The Robe
A Decided Must-See

What can there possibly be to say in a review of a fifty-year-old classic like The Robe? In the case of this release, quite a bit, actually. Just in time for Easter this year, 20th Century Fox has seen fit to restore, remaster, and reissue the very first film shot and distributed in CinemaScope. This was pioneering work for its time, and it’s largely gorgeous. This is also classic Hollywood storytelling at its finest, a stirring reminder that the hope of the faith has not been in the historicity of the man Jesus Himself, but in what His words have wrought in the lives of His followers: peace, love, joy, contentment, and, yes, sometimes healing—even in the midst of darkness and despair.

The Life of Lucky Cucumber
Satire, or Juvenile Prank?

At one—and the most successful—level, the film lampoons “in search of documentaries” such as Morgan Spurlock’s latest effort, Where In The World Is Osama Bin Laden? In this case, the fictional object of the search is small-town loser and legendary eccentric Lucky “Cucumber” Cavanaugh—a less-than-average guy who sabotages bathtub races with Molotov cocktails and lives with his grandfather in a cave. But the object of the satire here is not Lucky so much as it is the doc’s fictional filmmakers Phillip Fellini and Forrest Fonda. Granted, the Jackass and South Park mode of lunacy hits the mark from time to time, as Lucky Cucumber is actually more focused than many of the films it apes. But the film wanders and never really finds its stride, and jumps the rails entirely with idiotic diversions. This is bachelor party material at best.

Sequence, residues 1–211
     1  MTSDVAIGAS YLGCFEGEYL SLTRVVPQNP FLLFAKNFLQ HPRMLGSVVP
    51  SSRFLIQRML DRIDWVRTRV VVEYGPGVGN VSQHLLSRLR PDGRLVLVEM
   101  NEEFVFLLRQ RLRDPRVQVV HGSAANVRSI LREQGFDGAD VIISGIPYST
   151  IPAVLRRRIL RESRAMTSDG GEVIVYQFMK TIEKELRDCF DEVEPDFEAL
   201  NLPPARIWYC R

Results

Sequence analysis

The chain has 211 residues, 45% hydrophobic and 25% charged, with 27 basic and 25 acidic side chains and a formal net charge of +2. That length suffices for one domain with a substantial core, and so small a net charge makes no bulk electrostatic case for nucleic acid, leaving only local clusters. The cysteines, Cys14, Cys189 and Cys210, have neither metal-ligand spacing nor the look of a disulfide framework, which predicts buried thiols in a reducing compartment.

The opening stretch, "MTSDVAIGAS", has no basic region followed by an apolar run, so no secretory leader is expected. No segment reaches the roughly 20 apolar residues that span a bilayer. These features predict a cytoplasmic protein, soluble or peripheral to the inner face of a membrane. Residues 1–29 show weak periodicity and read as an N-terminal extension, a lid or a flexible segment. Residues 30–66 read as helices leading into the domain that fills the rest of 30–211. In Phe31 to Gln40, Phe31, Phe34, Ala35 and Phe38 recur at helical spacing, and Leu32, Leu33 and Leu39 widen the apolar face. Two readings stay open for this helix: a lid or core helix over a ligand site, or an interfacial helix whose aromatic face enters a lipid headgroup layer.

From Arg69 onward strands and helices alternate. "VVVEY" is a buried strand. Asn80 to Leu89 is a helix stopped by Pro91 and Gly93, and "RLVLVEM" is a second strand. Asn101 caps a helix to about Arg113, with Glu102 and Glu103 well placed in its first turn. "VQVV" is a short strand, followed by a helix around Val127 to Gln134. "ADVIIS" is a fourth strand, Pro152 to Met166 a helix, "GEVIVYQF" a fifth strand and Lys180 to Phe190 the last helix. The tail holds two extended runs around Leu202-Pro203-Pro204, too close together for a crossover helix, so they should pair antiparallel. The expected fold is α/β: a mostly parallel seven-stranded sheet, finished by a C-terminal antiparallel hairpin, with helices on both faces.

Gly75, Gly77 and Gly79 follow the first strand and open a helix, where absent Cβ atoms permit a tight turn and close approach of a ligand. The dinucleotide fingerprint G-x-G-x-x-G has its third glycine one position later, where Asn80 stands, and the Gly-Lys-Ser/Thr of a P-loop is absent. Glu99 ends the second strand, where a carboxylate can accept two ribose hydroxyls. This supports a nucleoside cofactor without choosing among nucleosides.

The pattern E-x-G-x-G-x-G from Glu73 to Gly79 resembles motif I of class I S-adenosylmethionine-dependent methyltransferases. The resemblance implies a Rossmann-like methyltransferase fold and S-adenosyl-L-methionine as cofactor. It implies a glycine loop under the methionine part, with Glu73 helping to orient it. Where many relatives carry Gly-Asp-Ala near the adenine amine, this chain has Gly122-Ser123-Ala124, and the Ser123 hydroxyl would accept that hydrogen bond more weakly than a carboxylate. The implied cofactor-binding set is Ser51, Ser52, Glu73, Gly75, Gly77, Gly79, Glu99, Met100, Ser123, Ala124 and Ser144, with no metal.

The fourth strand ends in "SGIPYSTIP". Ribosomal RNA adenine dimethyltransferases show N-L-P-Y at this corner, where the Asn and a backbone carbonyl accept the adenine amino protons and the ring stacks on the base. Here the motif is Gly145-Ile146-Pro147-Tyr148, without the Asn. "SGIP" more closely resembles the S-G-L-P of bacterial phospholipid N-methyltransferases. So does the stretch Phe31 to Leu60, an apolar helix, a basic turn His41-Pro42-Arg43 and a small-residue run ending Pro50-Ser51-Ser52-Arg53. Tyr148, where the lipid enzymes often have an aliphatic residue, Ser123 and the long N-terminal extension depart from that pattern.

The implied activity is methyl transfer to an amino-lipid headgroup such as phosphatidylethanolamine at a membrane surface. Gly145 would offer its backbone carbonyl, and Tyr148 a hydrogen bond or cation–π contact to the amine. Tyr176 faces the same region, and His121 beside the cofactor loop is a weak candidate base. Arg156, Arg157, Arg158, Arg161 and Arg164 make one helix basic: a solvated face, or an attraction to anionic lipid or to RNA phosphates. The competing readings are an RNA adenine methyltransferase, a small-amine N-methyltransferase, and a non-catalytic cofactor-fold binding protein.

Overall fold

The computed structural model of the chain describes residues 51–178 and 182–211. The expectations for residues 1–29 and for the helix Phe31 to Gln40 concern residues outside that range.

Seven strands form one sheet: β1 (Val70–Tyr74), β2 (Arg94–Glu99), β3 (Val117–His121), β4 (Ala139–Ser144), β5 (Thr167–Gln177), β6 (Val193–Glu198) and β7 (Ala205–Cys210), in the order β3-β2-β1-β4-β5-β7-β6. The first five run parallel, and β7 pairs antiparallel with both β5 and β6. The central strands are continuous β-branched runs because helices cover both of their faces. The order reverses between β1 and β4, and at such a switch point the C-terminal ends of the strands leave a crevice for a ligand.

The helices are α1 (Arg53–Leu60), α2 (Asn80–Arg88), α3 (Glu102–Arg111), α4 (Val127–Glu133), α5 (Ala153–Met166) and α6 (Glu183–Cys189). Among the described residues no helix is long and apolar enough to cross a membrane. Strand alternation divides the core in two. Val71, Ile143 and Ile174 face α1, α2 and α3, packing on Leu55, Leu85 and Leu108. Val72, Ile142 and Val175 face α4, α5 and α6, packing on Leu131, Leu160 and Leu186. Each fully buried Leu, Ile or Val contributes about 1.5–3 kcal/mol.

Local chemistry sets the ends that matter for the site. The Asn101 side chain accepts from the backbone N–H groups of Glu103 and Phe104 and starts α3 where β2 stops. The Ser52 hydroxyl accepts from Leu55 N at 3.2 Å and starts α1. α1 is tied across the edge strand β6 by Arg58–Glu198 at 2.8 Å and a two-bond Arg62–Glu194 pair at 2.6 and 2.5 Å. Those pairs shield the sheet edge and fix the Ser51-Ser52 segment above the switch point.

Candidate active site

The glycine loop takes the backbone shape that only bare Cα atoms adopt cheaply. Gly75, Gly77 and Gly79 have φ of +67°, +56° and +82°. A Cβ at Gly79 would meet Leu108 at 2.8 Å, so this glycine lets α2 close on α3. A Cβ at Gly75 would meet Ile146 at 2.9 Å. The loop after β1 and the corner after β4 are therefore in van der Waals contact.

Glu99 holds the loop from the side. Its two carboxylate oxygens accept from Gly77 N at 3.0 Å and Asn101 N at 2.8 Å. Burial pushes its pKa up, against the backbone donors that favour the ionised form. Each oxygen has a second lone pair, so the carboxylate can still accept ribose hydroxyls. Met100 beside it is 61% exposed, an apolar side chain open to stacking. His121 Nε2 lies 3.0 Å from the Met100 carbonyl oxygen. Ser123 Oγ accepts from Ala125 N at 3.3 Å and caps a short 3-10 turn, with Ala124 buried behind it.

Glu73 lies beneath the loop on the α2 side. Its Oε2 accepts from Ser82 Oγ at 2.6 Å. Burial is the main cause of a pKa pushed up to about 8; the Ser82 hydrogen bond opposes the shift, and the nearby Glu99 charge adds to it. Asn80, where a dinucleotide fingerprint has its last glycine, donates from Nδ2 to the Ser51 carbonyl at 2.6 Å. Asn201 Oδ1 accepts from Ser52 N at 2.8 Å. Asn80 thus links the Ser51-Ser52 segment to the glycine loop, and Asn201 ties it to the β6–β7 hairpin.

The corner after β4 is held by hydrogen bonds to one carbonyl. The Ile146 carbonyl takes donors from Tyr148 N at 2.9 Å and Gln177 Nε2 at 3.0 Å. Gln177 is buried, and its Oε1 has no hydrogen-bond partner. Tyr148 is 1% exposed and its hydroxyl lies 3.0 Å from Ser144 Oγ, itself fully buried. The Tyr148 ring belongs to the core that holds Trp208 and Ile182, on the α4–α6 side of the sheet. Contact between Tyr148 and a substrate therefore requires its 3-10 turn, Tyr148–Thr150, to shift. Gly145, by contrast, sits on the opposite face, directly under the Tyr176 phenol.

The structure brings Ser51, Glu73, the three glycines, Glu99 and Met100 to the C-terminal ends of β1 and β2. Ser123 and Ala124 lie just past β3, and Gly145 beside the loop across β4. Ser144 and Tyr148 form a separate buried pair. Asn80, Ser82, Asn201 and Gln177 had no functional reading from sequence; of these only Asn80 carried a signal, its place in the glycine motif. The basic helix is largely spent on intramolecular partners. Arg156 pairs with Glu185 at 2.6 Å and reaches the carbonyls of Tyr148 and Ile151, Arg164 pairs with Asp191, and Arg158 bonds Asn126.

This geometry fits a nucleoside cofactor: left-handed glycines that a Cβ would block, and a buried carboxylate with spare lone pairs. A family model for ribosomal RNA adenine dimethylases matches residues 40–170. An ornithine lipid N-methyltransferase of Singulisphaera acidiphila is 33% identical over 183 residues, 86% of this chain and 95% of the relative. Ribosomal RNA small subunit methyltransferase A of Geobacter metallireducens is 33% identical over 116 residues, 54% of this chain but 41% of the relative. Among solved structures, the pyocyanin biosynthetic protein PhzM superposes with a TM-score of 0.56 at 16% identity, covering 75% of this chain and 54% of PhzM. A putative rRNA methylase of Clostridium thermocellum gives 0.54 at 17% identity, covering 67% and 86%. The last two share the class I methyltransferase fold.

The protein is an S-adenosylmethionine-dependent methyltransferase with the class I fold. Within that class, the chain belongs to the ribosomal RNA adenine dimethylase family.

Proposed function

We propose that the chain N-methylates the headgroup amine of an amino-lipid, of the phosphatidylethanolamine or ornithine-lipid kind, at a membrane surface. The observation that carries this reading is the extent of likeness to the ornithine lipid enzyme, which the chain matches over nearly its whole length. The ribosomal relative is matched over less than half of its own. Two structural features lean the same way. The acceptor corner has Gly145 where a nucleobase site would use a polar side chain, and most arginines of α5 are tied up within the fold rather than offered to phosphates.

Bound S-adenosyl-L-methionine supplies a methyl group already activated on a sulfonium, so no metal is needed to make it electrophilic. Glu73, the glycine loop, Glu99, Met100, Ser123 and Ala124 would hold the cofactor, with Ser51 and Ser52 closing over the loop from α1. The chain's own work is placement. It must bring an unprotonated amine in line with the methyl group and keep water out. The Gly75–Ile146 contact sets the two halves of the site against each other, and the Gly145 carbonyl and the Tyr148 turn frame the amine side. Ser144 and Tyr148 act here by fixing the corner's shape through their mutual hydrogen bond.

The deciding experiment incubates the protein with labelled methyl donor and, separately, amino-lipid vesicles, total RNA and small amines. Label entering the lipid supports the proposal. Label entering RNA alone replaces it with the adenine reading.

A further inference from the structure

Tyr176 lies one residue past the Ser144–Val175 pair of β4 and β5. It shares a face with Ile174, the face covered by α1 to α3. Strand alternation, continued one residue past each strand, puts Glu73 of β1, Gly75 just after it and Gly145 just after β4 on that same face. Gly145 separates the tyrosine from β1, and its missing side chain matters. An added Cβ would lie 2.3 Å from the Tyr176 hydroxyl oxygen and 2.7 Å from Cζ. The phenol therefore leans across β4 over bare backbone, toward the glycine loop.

Come What May
During School... Special!

Many of the ways in which yeoman writer/co-director Manny Edwards’ script works out the details of the plot seem overly familiar; but the basic setting of the story is so fresh and original, I expect most viewers will find that they don’t mind the sometimes wooden performances and less-than-seamless audio editing. And while I found much of the Pro-Life argumentation in the film overly facile, I genuinely enjoyed the chance to screen a film on the subject of abortion that wasn’t 100% based on appeals to emotion. And it’s especially helpful to know that much of the film was crewed by students who have yet to earn their GEDs.

The Velveteen Rabbit
Strangely Compelling Adaptation